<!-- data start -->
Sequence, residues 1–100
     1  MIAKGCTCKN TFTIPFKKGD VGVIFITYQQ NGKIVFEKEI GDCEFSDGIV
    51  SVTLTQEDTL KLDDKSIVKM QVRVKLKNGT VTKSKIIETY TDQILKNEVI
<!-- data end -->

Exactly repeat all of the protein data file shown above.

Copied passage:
Sequence, residues 1–100
     1  MIAKGCTCKN TFTIPFKKGD VGVIFITYQQ NGKIVFEKEI GDCEFSDGIV
    51  SVTLTQEDTL KLDDKSIVKM QVRVKLKNGT VTKSKIIETY TDQILKNEVI